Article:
Cushing, Oklahoma, is the biggest crude oil storage facility in the US. Analysts estimated that crude oil inventories at Cushing would rise on December 15–22, 2017. Any increase in Cushing inventories has a negative impact on oil (DBO) (DWT) prices.
WTI crude oil (UWT) prices were near a 30-month high. They have risen 11.7% year-to-date. Higher oil (UCO) prices benefit funds like the Fidelity MSCI Energy Index (FENY) and the Energy Select Sector SPDR ETF (XLE). These ETFs track the performance of US companies in the energy sector.
EIA’s Cushing inventories
Cushing inventories rose by 754,000 barrels or 1.4% to 52.9 MMbbls (million barrels) on December 8–15, 2017, according to the EIA. Inventories fell by 13,265,000 barrels or 20% from the same period in 2016. Inventories rose for the first time in nearly two months.
Meanwhile, Cushing inventories were near the lowest level since March 6, 2015. Any fall in the inventories will have a positive impact on oil (USO) prices. Higher oil (SCO) prices favor energy producers’ (FXN) (FENY) earnings like Northern Oil & Gas (NOG), Laredo Petroleum (LPI), and Viper Energy (VNOM).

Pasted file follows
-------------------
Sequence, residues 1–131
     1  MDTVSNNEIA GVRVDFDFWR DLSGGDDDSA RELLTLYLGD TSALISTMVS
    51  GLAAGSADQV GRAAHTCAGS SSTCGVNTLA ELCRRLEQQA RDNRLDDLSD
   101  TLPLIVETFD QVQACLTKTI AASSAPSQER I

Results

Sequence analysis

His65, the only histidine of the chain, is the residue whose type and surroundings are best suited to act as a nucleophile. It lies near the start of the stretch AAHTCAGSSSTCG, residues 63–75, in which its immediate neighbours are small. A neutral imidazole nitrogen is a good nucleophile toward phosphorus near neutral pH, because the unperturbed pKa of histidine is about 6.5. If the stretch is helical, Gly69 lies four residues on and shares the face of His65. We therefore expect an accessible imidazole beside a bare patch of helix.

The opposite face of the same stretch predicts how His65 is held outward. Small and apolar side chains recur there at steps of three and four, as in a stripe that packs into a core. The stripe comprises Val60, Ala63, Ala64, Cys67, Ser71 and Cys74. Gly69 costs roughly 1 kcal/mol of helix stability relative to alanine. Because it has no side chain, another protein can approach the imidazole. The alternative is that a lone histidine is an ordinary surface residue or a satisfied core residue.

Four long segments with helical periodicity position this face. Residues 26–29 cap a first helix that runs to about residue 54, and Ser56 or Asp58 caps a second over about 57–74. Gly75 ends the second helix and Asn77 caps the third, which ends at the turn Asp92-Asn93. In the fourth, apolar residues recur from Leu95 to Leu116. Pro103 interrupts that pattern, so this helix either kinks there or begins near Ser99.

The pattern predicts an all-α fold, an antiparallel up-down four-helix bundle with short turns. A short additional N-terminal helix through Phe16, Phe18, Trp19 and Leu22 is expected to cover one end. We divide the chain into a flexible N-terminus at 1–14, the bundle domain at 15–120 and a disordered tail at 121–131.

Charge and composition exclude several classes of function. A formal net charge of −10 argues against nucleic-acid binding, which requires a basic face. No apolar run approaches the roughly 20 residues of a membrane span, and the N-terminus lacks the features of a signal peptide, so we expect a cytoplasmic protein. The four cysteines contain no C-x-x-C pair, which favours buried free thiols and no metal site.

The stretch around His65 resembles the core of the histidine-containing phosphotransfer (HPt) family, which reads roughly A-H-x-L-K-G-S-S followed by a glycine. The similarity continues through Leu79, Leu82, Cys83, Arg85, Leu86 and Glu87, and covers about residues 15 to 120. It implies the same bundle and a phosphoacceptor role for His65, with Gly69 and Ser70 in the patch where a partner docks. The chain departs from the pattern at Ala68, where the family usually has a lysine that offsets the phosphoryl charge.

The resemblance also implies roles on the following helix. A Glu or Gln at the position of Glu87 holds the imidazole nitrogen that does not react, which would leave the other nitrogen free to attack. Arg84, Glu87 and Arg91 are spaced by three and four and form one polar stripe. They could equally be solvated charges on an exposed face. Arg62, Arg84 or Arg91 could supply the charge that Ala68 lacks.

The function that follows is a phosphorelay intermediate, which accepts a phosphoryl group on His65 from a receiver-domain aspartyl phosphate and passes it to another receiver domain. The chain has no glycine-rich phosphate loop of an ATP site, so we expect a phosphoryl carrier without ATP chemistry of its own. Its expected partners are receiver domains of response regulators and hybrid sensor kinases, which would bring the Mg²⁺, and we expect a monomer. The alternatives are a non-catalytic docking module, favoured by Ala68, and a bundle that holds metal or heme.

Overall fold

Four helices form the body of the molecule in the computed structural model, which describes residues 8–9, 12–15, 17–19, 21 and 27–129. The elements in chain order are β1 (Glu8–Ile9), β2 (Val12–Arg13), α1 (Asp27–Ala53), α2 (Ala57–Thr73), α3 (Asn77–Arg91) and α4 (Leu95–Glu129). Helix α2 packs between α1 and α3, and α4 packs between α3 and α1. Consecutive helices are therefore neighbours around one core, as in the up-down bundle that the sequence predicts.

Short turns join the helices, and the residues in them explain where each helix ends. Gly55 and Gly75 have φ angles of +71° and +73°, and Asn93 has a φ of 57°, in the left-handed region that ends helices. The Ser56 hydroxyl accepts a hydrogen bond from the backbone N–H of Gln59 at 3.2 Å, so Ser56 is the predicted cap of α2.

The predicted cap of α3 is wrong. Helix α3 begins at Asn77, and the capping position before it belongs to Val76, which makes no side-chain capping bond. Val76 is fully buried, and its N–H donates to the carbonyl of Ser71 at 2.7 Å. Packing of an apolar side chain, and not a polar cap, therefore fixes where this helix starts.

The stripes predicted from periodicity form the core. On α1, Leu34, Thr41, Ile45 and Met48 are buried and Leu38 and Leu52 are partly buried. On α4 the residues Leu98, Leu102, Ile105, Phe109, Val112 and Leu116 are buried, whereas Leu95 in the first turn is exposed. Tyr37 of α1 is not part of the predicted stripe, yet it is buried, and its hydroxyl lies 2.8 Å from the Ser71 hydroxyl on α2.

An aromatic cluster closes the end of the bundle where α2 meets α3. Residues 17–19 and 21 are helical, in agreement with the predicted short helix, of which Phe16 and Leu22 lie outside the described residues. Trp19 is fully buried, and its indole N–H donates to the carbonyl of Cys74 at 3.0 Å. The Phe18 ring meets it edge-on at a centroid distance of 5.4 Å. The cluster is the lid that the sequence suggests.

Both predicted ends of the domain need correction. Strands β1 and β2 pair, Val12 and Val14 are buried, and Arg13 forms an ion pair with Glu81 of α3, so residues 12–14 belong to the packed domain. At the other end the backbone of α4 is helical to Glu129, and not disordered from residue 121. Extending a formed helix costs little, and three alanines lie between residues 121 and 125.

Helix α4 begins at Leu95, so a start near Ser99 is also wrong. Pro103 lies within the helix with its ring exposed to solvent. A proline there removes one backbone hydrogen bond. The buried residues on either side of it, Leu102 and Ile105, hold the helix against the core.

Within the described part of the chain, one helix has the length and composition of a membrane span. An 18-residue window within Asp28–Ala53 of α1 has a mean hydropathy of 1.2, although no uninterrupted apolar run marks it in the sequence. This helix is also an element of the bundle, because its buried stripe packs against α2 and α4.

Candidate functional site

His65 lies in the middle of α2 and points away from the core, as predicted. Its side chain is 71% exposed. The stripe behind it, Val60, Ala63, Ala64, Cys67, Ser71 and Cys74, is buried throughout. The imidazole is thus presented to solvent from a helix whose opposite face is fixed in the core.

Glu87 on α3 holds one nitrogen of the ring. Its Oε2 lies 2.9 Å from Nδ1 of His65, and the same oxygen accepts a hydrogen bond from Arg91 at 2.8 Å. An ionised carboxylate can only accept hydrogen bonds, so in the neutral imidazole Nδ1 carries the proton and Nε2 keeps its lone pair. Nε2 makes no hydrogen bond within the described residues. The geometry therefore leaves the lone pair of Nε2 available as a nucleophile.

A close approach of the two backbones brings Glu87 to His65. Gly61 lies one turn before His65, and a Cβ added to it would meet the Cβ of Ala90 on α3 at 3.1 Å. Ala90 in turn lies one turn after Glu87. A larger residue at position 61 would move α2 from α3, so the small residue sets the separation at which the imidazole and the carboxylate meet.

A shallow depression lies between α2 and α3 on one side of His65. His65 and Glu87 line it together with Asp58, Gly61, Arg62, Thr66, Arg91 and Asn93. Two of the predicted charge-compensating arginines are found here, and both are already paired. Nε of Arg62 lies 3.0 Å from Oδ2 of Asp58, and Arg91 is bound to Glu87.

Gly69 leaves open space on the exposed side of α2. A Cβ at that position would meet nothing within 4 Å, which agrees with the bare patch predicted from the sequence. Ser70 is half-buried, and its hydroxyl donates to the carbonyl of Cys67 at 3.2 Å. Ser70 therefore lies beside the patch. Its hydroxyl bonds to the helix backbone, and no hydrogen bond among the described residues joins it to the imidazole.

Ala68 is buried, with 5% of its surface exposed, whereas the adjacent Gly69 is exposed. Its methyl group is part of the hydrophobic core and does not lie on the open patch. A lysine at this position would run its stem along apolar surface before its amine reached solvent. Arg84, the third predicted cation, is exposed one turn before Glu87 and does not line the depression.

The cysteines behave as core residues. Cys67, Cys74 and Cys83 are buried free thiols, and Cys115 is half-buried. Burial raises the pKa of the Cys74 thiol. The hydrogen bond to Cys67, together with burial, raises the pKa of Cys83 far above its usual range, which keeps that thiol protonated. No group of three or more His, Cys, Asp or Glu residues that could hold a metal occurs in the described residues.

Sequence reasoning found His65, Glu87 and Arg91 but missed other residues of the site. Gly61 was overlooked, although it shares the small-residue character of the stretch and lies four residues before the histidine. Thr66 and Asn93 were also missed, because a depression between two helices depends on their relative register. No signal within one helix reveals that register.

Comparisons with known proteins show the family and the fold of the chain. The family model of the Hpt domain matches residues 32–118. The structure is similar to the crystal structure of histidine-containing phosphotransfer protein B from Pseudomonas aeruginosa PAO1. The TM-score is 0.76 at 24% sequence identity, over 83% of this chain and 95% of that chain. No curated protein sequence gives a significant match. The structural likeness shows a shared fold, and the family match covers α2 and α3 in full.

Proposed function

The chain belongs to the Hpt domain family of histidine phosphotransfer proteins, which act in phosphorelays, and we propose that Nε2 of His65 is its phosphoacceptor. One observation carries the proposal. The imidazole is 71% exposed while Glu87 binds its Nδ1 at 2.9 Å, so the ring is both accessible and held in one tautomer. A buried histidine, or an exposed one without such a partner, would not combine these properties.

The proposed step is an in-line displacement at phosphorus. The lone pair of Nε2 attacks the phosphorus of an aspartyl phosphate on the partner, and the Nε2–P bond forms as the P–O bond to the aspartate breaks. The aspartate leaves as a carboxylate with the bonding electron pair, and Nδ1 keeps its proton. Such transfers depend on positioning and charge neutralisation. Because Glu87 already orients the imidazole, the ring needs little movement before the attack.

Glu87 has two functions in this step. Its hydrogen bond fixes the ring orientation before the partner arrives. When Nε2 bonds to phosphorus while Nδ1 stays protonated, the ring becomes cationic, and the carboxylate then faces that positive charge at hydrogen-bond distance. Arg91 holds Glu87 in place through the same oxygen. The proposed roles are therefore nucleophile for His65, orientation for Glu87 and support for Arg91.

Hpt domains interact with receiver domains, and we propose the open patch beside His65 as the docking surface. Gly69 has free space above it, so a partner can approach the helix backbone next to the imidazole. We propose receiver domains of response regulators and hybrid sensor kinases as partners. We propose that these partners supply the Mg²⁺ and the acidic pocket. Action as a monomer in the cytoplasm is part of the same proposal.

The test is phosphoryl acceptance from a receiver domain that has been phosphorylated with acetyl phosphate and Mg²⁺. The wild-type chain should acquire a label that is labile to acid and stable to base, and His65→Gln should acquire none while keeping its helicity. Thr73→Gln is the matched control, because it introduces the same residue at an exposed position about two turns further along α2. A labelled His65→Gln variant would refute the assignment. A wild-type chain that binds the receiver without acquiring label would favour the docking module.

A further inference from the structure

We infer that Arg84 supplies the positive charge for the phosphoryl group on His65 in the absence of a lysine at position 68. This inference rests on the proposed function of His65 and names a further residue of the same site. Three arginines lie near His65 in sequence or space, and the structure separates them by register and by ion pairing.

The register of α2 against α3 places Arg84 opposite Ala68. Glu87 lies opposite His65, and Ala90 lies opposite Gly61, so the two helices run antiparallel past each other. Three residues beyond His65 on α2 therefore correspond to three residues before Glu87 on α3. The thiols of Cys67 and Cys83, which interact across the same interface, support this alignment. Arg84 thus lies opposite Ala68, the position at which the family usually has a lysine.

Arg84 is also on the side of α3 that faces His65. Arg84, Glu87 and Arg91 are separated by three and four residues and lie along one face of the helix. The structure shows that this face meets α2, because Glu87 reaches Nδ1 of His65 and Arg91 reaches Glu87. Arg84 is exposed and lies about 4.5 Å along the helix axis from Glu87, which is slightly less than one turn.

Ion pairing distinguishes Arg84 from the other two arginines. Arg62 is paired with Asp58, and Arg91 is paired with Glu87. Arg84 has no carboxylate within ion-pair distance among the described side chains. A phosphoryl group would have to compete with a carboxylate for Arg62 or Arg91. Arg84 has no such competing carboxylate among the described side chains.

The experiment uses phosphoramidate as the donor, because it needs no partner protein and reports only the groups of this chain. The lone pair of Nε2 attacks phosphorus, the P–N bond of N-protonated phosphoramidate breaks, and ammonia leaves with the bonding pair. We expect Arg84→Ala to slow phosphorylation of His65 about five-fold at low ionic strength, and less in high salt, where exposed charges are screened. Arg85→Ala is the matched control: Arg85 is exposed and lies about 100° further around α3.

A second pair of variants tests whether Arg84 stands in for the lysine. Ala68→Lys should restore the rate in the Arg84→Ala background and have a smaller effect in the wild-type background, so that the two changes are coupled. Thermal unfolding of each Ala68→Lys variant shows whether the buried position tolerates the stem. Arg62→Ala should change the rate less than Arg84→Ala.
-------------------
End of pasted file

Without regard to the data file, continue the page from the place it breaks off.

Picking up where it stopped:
EIA’s US crude oil inventories
According to the EIA, US crude oil inventories fell by 6.4 MMbbls to 436.4 MMbbls on December 8–15, 2017. The inventories also fell by 48 MMbbls or 10% from a year ago. The inventories fell by 99 MMbbls or ~19% from their peak.
For the week ending December 15, 2017, Cushing inventories fell ~24% from their record in April 2017. During the same period, US crude oil (UCO) prices rose 12%. Any fall in US and Cushing inventories is bullish for oil (DBO) prices.
Next, we’ll discuss how the US crude oil rig count impacts oil prices.